My diary of software development

Archive for the ‘TypeScript Development’ Category

Async.js with TypeScript

I became an instant fan of the Async JavaScript Library the first time I used it. I am currently working on an HTML5 project at work which contains a lot of asynchronous code along to access IndexedDB as well as multiple web service calls. I was talking to another developer at my company about the ‘ugliness’ and maintenance nightmare of all this async code when he introduced me to the Async library.

The code below is an example of the asynchronous code in our application. As you can tell we’re using the async.waterfall() control flow:

   1:              var deferredResult = $.Deferred<String>();
   2:              var self = this;
   3:              async.waterfall([
   4:                  (callback: any) =>
   5:                  {
   6:                      self.dbContext.ReadWorkUnitSummary(groupId)
   7:                          .then((summary: Interfaces.Models.IWorkUnitSummary) =>
   8:                          {
   9:                              self.WrapUnits(summary);
  10:                              callback(null, summary);
  11:                          })
  12:                          .fail(error => callback(error));
  13:                  },
  14:                  (summary: Interfaces.Models.IWorkUnitSummary, callback: any) =>
  15:                  {
  16:                      self.dbContext.CollapseDataRecords(summary.DataRecords)
  17:                          .then((dataRecord: Interfaces.Models.IDataRecord) => callback(null, dataRecord))
  18:                          .fail((error) => callback(error));
  19:                  },
  20:                  (dataRecord: Interfaces.Models.IDataRecord, callback: any) =>
  21:                  {
  22:                      self.dataWebService.GetSiteRule(dataRecord.DataRecordId)
  23:                          .then((siteRule: Interfaces.Models.IDataSiteRule) =>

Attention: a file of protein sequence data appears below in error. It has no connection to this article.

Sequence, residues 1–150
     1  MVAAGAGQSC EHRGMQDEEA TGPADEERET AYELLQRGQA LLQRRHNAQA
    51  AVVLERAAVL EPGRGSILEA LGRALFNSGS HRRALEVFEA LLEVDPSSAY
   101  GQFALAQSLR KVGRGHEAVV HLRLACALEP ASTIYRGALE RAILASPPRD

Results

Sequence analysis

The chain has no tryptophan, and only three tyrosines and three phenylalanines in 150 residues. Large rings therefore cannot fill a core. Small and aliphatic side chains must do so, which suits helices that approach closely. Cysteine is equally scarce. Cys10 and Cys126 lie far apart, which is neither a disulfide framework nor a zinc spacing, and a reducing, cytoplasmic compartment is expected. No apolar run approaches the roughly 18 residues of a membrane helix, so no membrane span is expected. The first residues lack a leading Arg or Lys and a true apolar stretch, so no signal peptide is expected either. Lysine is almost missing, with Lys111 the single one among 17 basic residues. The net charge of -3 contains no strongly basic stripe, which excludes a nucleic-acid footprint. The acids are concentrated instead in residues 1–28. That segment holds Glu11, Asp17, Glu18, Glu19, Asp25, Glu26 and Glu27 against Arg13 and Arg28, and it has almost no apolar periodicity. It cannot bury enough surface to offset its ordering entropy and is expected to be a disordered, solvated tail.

24:                          {
  25:                              self.ProcessSiteRule(siteRule);
  26:                              callback(null, siteRule);
  27:                          })
  28:                          .fail(error => callback(error));
  29:                  },
  30:                  (siteRule: Interfaces.Models.IDataSiteRule, callback: any) =>
  31:                  {
  32:                      self.dataWebService.CreateDataSite(siteRule)
  33:                          .then((url: string) =>
  34:                          {
  35:                              deferredResult.resolve(url);
  36:                              callback();
  37:                          })
  38:                          .fail(error => callback(error));
  39:                  }
  40:              ],
  41:              (possibleError: any) =>
  42:              {
  43:                  if (possibleError)
  44:                  {
  45:                      deferredResult.reject(Error);
  46:                  }
  47:              });
  48:   
  49:              return deferredResult;

Readable and approachable

I believe the TypeScript  language and the Async library makes the above code both readable and approachable. It is readable because a developer can parse it in her head without needing outside documentation or the author standing there explaining it. The code is approachable because there is an obvious simple recurring pattern in it so the reader feels comfortable and doesn’t run away screaming “we’ve got to rewrite this! I have no idea how it works!”.